Having a criminal record has the potential to overshadow a job candidate’s skill set and character. And with more than 92 million Americans having a criminal record, it can be easy for hiring managers to get the wrong impression. That’s why we’re tackling video interview tips for different types of candidates with this how-to series.
Today, we’ll discuss how to use video interviews to connect with candidates who hold a criminal record. How do you ask questions without offending the candidate or breaking discrimination laws? And at the same time, how do you make sure you’re not hiring a dangerous felon?
Fortunately, it is possible to hire great candidates who have a criminal background. According to CareerBuilder, half of employers have hired someone with a criminal record. So let’s get started.
Find Out What Happened And When
It might sound easier said than done, but finding out what is on a candidate’s record is important. Why? Because not all crimes are going to be serious or impact the nature of a candidate’s work at your company. Similarly, when the crime occurred is also important. A minor misdemeanor 15 years ago might not hold as much weight as a more recent and weighty conviction.
But before you ask any questions, keep the laws in mind. The EEOC does allow employers to inquire into felony convictions when looking at applicants. However, you must avoid discriminatory or biased statements. But if you do decide that this candidate isn’t the right fit, most states require employers to provide a written statement when they decline to hire an applicant due to a prior criminal conviction.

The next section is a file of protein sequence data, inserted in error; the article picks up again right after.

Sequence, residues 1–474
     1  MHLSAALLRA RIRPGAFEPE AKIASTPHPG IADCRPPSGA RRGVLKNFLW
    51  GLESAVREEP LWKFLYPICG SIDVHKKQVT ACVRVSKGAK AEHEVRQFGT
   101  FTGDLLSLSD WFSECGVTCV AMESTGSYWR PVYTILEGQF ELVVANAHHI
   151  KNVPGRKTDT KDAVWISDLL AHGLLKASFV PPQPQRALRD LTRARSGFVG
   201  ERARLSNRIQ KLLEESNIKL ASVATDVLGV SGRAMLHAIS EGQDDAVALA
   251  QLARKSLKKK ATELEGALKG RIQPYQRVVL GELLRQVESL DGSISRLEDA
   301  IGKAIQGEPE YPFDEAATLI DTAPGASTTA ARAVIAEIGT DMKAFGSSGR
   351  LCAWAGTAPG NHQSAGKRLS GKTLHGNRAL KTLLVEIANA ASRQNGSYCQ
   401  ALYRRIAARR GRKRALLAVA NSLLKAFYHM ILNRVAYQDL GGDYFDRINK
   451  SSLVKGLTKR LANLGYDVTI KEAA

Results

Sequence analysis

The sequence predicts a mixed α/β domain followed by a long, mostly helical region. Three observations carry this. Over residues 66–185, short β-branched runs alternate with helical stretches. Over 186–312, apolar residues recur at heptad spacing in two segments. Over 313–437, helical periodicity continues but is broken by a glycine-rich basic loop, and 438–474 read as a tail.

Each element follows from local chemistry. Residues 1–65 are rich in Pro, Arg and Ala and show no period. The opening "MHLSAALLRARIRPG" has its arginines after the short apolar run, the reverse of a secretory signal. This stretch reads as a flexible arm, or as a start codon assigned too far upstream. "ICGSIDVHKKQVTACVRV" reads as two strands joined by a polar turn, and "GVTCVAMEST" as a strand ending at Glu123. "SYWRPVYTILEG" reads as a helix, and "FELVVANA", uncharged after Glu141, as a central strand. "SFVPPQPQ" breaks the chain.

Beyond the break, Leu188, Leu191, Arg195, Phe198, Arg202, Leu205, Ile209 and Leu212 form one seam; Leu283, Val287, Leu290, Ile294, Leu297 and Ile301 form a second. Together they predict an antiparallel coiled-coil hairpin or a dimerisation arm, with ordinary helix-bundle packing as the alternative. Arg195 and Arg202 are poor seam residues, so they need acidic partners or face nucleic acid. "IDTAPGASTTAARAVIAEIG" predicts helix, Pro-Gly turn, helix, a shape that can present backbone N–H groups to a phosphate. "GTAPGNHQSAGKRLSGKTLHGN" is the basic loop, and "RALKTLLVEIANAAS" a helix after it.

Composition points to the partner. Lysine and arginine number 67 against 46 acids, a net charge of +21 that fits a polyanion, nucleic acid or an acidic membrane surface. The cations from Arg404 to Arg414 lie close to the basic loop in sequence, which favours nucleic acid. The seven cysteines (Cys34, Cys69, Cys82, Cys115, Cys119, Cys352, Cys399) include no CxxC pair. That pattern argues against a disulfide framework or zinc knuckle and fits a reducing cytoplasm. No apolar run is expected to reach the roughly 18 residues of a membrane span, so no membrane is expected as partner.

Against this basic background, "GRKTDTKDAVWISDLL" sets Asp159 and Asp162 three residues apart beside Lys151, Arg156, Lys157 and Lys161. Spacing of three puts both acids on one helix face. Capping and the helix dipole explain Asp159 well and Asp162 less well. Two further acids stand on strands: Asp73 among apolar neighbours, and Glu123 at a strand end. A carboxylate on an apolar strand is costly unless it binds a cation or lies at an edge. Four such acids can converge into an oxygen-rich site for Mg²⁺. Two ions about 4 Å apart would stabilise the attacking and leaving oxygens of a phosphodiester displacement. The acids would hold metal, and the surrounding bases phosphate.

If you’re unsure of your state’s law concerning requesting a criminal background or denying work based on a conviction, check before you make any decisions.
Ask About Their Work History Too
So now you know what happened and when. Do you feel a little better? If you still have some red flags, ask the candidate what they’ve been doing since then (if it’s not included on their resume). Other points to consider are halfway houses, rehabilitation programs, volunteer work, and higher education post-conviction.
What your job candidate did after their conviction says a lot about their work ethic and character. Also consider how they answer your questions. Did they answer it head-on or tip-toe around the subject? This can also be telling during your interview.
Don’t Forget To Look For A Career Fit
Fortunately for you, you’re using video interviewing technology that allows you to see your job candidate and judge body language, facial expressions, and personality quirks. These are all important in determining if this person is a career fit for your company. Don’t focus on the criminal record, focus on the person, their brand, and how they would fit in with your team. Also don’t forget to weigh in their skills!
In the end, if you can look past a criminal record at the eager job candidate you’re interviewing, you may find a well-qualified candidate who would fit well within your company. As the saying goes, don’t judge a book by it’s cover — or in this case, a candidate by their criminal record.
Have you hired an employee with a criminal past?